Protection is needed for any creature when it is vulnerable, and winter is when most living things are their weakest. Deciduous trees grow brittle in the cold. The animals they house leave or sleep. The humans who come to break off branches for firewood, or who want to cut down the tree, meet no resistance. Like many of the fey we are hunkered down someplace warm to wait for spring.
The Dryads remain in their trees even when that tree appears to have no life. The same respect must be shown to trees in the winter as we give them in the summer. We must always ask before we cut branches, and, in keeping with Pagan tradition, we must offer the Dryads something special for their sacrifice. In winter there can be no greater gift than the offering of grains and other feed for the animals that forage the woods all winter to find food.
Making a commitment to feed non-migrating birds is a perfect way to show respect for the spirits of nature. Keep in mind that this is a commitment to nature you can keep until the ground thaws and insects appear so that birds can find their own food. Birds will settle within five miles of a reliable food source and will be counting on you to fill their feeder everyday. By the way, the expression “eat like a bird” is so misinterpreted. Birds eat many times their weight each day in feed.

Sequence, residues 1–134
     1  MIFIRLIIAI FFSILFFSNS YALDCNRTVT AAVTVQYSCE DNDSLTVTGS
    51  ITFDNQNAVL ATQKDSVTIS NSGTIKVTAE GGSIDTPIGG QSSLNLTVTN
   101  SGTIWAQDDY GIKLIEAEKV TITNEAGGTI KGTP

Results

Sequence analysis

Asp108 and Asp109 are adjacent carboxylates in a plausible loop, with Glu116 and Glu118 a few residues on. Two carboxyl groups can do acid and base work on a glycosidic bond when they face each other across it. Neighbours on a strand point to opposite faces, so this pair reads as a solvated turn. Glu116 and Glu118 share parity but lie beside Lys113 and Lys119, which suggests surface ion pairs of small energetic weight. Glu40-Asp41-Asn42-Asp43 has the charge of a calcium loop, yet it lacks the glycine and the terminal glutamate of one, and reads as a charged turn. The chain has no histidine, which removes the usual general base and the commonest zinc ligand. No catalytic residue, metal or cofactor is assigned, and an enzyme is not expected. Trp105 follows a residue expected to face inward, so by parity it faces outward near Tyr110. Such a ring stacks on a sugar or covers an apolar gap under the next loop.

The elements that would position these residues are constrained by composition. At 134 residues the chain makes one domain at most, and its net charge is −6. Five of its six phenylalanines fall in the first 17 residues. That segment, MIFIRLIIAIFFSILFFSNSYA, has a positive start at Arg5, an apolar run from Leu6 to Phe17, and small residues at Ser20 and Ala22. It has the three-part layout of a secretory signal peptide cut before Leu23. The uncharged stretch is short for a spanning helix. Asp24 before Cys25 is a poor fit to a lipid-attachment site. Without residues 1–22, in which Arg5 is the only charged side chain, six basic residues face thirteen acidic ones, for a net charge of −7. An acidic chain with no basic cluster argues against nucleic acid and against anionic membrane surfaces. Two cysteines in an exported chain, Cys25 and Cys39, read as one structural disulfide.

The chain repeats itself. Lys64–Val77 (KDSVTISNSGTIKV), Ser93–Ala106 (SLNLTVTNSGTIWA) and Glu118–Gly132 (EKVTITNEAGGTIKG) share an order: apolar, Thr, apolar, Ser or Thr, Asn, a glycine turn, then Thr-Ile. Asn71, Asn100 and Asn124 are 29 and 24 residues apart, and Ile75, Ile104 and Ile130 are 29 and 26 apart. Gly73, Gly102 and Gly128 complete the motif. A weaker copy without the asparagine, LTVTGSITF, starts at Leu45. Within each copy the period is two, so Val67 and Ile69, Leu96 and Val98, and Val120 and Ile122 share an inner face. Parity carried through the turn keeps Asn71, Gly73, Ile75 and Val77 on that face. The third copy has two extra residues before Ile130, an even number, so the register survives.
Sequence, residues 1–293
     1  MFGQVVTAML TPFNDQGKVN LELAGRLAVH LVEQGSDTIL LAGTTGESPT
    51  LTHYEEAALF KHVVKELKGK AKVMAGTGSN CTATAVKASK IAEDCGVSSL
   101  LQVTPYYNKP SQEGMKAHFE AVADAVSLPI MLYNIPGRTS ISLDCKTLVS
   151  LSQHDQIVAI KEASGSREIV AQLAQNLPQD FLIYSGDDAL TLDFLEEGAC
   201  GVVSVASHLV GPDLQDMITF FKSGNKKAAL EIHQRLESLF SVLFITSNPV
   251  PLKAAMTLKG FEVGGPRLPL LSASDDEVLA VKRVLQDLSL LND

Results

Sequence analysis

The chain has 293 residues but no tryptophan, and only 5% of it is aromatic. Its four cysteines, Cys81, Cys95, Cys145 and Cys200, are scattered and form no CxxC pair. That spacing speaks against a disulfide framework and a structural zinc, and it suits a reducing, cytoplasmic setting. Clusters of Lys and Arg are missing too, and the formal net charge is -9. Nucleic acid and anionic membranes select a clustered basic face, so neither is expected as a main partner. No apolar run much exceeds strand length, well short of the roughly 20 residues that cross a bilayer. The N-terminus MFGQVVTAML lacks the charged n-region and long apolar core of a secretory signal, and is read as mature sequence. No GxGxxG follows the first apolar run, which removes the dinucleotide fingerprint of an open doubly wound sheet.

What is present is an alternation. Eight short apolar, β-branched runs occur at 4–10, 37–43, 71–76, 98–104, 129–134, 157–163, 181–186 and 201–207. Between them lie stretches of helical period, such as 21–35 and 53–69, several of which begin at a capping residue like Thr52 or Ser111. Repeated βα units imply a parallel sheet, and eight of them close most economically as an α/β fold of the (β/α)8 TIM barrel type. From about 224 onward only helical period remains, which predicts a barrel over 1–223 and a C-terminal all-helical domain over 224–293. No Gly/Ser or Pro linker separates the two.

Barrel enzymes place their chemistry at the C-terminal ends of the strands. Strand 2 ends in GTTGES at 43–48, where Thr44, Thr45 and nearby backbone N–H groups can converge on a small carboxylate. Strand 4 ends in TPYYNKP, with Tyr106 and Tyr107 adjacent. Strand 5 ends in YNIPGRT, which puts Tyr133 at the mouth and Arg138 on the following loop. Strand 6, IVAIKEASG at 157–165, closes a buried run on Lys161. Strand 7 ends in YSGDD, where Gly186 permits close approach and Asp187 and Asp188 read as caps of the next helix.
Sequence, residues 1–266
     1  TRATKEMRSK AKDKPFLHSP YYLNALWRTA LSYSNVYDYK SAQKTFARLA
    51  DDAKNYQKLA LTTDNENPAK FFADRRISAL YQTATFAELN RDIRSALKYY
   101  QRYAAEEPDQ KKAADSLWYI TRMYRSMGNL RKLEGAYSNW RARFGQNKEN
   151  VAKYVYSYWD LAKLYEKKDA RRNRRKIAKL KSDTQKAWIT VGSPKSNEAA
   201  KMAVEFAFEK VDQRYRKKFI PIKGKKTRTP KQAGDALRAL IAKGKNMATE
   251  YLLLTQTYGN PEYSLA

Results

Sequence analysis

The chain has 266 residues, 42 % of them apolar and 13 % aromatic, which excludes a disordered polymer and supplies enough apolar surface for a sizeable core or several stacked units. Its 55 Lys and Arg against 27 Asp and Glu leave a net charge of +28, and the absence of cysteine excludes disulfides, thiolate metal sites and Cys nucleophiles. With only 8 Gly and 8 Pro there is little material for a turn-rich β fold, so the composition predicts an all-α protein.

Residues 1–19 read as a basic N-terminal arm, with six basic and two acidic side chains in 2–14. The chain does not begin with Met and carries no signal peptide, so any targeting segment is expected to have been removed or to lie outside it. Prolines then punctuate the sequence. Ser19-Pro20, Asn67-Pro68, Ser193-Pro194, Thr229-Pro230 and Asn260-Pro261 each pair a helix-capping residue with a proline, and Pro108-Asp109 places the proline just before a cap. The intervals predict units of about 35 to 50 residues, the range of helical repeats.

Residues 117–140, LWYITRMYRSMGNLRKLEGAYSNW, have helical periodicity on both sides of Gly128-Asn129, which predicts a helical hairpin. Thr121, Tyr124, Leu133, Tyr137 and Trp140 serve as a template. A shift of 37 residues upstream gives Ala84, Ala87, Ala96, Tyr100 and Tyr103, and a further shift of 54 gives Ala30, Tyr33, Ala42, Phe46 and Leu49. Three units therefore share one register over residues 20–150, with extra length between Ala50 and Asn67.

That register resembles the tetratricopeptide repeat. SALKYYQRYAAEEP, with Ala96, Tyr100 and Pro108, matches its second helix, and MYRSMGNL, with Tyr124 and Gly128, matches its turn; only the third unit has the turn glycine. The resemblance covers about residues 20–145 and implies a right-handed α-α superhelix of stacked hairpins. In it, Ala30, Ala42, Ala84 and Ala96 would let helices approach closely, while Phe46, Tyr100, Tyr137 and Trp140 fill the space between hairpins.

Cornell University maintains a web page called Project Feeder Watch, designed for Americans and Canadians who want to identify their winter birds and be able to offer them the right food. This can be found at http://www.birds.cornell.edu/pfw/AboutBirdsandFeeding/abtbirds_inde....
Yule marks the beginning of a delicate phase of the wheel of the year for living things, one during which nature and her creatures need the greatest protection. Underneath the frozen ground the faerie spirits of grasses, flowers, and bushes also await the spring. In the forests wild animals give birth to the next generation, and in numerous cocoons the vulnerable caterpillar awaits its rebirth in spring as a butterfly. The folklore linking faeries with butterflies is worldwide. In some cultures the butterfly is a spirit of nature or a faery, in others the wintertime faeries protect the cocoon until the butterfly emerges. Folktales of faeries riding on the backs of butterflies are well known and are a cause for pensiveness when they are seen among summer flowers.
Never forget that the spirit of nature does not die. Like us, the faery folk may seek warmer quarters as Yuletide arrives, but they are still present, protecting and caring for the living mother earth and her children.